The pastor (priest) does not give permission for access to the Sacraments. Rather, the individual must make a judgment of conscience (as Canon 916 says). And the Church, with Her two keys, that is to say, Her authority over doctrine and discipline, also makes rules for reception of the Sacraments and gives guidance when a decision of conscience is also involved.

Too often conservatives make the mistake of seeing access to the Sacraments in terms of rules, rather than discernment of conscience under the guidance of the Church. Certainly, the Church has the authority to make rules as well as issue teachings, on who may receive. But under magisterial teaching, apart from the particulars of Canon law (which can be dispensed when the Canon is per se of the law, and not also of divine law or revelation), the Church permits reception of Communion when at least the following conditions are met:

1. the person is a baptized Christian
2. the person is not conscious of unrepented actual mortal sin

These two conditions are the minimum for reception of Communion, although further conditions usually apply, such as that the person be a believing and practicing Catholic. Non-Catholic Christians are admitted to Communion under some narrow conditions. I also refer the reader to my past post, explaining rare cases where an unbaptized person validly and licitly receives holy Communion.

Canon 915, which applies regardless of whether the sin is an actual mortal sin or merely an objective mortal sin, and regardless of whether the person is conscious that their act is a grave sin, is not of divine law. It is not dogma, but a general rule, which has been modified by the authority of the Supreme Pontiff, in his document Amoris Laetitia.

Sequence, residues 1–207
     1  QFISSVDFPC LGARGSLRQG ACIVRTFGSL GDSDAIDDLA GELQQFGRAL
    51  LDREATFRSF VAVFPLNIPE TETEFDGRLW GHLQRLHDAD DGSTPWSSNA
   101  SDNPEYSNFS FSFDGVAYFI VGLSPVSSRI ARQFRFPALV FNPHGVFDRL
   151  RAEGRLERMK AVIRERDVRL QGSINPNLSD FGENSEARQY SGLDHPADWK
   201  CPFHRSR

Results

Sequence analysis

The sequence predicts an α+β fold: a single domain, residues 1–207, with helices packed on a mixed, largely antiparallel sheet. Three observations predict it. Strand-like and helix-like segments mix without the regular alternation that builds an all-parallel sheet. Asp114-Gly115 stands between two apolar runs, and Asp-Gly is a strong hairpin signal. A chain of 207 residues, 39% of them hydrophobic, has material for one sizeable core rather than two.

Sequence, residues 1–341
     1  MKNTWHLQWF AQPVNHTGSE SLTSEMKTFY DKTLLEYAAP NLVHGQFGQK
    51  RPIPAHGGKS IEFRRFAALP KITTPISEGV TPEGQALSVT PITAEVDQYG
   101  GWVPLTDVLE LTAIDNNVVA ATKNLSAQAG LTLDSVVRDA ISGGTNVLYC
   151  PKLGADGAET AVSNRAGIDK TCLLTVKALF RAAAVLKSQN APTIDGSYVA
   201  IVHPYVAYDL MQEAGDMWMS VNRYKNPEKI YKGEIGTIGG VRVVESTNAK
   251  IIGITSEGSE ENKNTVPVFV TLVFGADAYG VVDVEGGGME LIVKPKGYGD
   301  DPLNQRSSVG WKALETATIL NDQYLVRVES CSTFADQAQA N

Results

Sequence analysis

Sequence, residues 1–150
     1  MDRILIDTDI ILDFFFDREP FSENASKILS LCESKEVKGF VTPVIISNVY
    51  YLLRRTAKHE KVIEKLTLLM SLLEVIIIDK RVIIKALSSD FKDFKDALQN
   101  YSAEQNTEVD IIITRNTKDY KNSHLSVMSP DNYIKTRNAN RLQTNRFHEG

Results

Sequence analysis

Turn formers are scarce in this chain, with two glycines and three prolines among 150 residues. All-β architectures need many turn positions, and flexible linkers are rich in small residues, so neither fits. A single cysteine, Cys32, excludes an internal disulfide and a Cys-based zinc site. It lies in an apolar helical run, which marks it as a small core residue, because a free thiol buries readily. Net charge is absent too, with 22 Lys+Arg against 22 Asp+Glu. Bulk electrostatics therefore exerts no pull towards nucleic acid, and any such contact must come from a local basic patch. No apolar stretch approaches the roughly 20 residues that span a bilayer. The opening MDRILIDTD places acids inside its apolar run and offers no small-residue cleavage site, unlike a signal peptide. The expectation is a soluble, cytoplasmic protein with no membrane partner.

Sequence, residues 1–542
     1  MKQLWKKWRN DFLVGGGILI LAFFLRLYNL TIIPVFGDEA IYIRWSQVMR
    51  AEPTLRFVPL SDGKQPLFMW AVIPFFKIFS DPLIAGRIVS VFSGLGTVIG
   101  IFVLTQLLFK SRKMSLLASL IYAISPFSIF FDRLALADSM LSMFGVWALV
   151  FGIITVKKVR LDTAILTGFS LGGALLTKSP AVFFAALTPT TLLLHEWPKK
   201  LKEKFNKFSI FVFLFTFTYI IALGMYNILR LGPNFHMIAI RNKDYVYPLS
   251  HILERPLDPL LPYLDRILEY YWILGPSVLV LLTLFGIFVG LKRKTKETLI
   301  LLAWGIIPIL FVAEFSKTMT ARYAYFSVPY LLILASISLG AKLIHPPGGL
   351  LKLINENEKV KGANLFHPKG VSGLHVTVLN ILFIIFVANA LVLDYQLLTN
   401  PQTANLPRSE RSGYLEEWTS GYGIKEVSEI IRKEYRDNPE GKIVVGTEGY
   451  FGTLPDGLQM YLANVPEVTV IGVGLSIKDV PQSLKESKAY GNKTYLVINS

Some parts of Canon law are direct expressions of the teachings of the Church on faith, morals, and salvation. Such parts are not per se of Church law, but are included in Canons in order to better integrate changeable regulations with unchangeable truths. But the parts of Canon law that are per se of the law, are certainly changeable and dispensable, by the authority of Christ and His Church. For consider that the disciplines of the Old Testament, received by the Israelites from God by Divine Revelation, were nevertheless dispensed by Christ in their entirety (as the Council of Florence infallibly taught). Thus, no mere regulation of Canon law is binding on the authority of Christ given to Saint Peter and his successors.

The error of many conservatives is to see rules as if they were immutable divine laws, as if a regulation were a dogma. In reality, all the dogmas of the Faith are infallible truths because they are expressions of the very Nature of God, who is Justice, Mercy, Love, and Truth by His very Nature. To treat a regulation, even a wise and prudent rule based on sound practices from time immemorial, as if it were divine truth, is to imply, wrongly, that God is rules and regulations, rather than Love and Justice.

“3) Pastoral accompaniment is an exercise of the via caritatis. It is an invitation to follow “the way of Jesus, the way of mercy and integration” (296). This itinerary calls for the pastoral charity of the priest who welcomes the penitent, listens to them attentively and shows them the maternal face of the Church, at the same time as accepting their righteous intention and goodwill in placing their whole life under the light of the Gospel and in practising charity (cf. 306).”